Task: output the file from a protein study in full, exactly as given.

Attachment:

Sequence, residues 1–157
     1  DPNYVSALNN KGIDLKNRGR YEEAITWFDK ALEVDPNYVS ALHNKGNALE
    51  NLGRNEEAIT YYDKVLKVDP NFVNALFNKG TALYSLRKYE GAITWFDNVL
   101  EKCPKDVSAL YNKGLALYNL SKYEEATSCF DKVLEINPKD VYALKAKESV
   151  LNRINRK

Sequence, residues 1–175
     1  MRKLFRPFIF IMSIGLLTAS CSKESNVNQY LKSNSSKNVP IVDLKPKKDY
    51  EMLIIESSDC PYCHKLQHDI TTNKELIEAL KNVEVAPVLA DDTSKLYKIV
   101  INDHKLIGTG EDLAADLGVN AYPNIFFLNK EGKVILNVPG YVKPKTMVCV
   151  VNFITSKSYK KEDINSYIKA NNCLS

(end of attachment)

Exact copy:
Sequence, residues 1–157
     1  DPNYVSALNN KGIDLKNRGR YEEAITWFDK ALEVDPNYVS ALHNKGNALE
    51  NLGRNEEAIT YYDKVLKVDP NFVNALFNKG TALYSLRKYE GAITWFDNVL
   101  EKCPKDVSAL YNKGLALYNL SKYEEATSCF DKVLEINPKD VYALKAKESV
   151  LNRINRK

Sequence, residues 1–175
     1  MRKLFRPFIF IMSIGLLTAS CSKESNVNQY LKSNSSKNVP IVDLKPKKDY
    51  EMLIIESSDC PYCHKLQHDI TTNKELIEAL KNVEVAPVLA DDTSKLYKIV
   101  INDHKLIGTG EDLAADLGVN AYPNIFFLNK EGKVILNVPG YVKPKTMVCV
   151  VNFITSKSYK KEDINSYIKA NNCLS